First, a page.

Launch Global Education
Sparks blog: The key to building wealth? Start early.

by Mr. Michael Wagner

There are some topics in life that stick out from others. They fall under the heading of important life skills to master. These skills help us to make life better, easier, and more manageable. The topic we will focus on today is money. No matter where you are in the world, money is involved in some form or fashion in the daily aspect of our lives. Today, let’s look at the life skill of saving money for the future, specifically, retirement.

Saving for…retirement???

It is hard for me to mention the word retirement in its traditional sense because the true meaning of the term retirement is changing constantly. For these purposes, I will use the word retirement as a time when working a full-time job is not required for daily life survival.

Currently, the traditional retirement route is for individuals to reach a certain age (typically somewhere between 60 – 70 years old). In some countries, this is when a person will begin to receive government assistance. These amounts will vary greatly depending on the work history of the individual and the amount of money that is pre-determined. In other countries, it is expected that the person’s family will provide for the retired individual’s monetary needs.

There is one underlying issue that individuals must effectively manage when retiring: having an income stream to be able to survive on a day-to-day basis. Despite government assistance, it is usually not a system that wholly subsidizes total living expenses.  Therefore, whether you can count on government assistance or not, it is likely that some amount of additional income will be needed to live a comfortable lifestyle during the retirement years.
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But what if I will have a pension?

Another way some people obtain money during retirement is a company-sponsored pension. These types of programs tend to be awarded to those individuals working for a length of time and serve as a benefit for completing years of service. From the company’s pension fund, a predetermined amount of money will be paid to the individual monthly after retirement.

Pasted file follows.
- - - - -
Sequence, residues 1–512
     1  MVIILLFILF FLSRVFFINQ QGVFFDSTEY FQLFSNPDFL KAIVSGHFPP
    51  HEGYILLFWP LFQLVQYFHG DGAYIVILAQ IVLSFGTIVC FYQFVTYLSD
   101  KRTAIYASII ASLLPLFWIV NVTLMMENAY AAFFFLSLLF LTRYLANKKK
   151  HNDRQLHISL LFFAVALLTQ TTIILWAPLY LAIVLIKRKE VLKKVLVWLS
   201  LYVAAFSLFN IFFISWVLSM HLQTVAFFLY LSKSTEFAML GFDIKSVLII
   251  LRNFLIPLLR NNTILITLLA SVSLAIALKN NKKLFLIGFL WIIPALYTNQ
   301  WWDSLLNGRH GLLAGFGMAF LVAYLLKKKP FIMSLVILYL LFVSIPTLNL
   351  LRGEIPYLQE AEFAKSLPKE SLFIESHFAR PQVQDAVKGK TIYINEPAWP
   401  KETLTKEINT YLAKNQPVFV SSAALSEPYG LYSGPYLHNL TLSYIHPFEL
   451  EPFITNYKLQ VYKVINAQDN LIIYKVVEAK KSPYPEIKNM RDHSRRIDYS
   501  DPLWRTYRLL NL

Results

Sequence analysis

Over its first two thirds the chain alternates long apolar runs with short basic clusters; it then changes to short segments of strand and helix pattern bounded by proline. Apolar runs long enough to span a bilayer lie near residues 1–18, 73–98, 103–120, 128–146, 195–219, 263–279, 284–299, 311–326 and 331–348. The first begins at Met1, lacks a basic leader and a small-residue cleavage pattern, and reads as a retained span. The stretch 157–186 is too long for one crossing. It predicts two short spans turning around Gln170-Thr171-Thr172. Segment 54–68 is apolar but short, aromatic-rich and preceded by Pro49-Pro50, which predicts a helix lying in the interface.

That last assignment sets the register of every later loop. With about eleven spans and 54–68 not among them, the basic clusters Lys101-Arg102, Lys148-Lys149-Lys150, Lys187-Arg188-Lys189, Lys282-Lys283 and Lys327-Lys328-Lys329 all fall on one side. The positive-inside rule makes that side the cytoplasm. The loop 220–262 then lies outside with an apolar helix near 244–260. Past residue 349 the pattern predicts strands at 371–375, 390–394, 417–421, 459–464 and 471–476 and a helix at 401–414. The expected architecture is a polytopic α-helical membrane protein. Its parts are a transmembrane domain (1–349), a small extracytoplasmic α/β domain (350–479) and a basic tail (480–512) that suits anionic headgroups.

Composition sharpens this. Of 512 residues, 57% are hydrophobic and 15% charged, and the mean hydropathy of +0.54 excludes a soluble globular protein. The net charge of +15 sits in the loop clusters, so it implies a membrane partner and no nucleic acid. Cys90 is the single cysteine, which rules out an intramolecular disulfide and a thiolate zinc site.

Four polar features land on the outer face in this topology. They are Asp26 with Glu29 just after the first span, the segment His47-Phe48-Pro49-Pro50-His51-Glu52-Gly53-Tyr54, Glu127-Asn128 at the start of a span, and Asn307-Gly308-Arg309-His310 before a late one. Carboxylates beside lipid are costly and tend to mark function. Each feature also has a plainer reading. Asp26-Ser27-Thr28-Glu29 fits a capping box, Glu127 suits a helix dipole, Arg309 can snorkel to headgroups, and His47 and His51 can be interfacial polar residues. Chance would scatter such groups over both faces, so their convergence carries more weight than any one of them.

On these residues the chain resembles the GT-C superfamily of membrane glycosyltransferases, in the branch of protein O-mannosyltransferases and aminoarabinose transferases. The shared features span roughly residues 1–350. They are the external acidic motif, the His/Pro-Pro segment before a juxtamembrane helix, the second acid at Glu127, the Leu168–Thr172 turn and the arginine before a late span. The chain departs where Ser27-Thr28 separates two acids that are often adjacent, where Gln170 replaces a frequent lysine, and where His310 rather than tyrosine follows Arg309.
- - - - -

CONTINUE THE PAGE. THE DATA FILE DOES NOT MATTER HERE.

However, as time has gone by, employer-sponsored retirement pension programs have been eliminated in places like the U.S. and replaced with more personal self-directed retirement savings plans. This means that it is the sole responsibility of the individual to create their own self-funded retirement savings program instead. To create such a plan takes long-term planning, and I mean years and even decades, not days and weeks—long before an individual begins using it.

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Three simple things

There are three basic foundational points to successfully saving and accumulating money:

1.     Start Early

2.     Compound Interest

3.     Time

These three work in unison. The concept of compound interest is very simple – it is earning interest on interest. Or as I like to say, making money while you sleep. Albert Einstein once said, “The most powerful force in the universe is compound interest.” The concept of time goes hand in hand with compound interest because the longer the money has to make more money, the more money one will have in the end. Said another way, the longer a person has money saved and invested, the greater chance that money will grow and increase in value.

That brings us to starting early. The one controllable factor that individuals can manage is when they begin the saving process. The best way to do this is to build a habit early to set an amount of money aside each month to be used later in life for retirement. How early? I suggest now. The earlier one starts to set aside or save money the longer that money will have time to take advantage of compound interest, multiplying and growing.


Forming good habits

The idea here is plain and simple. The key to building wealth comes down to easy habit-forming behaviors that over time will build into a successful personal finance strategy. Whether you plan to supplement what you might receive from a pension plan or the government, to have money to travel and live well after you finish working, to retire at an earlier age, or to limit becoming a burden to your family members, your best plan is to start early.

It is as simple as that.

Mr. Michael J. Wagner

Michael Wagner, MAED is a founder and the Knowledge Pilot for Launch Education.  Mr. Mike is the author of Your Money Day One: How to Start Right and End Rich, a financial literacy guide for young adults, and has assisted hundreds of students around the world on their college pathways.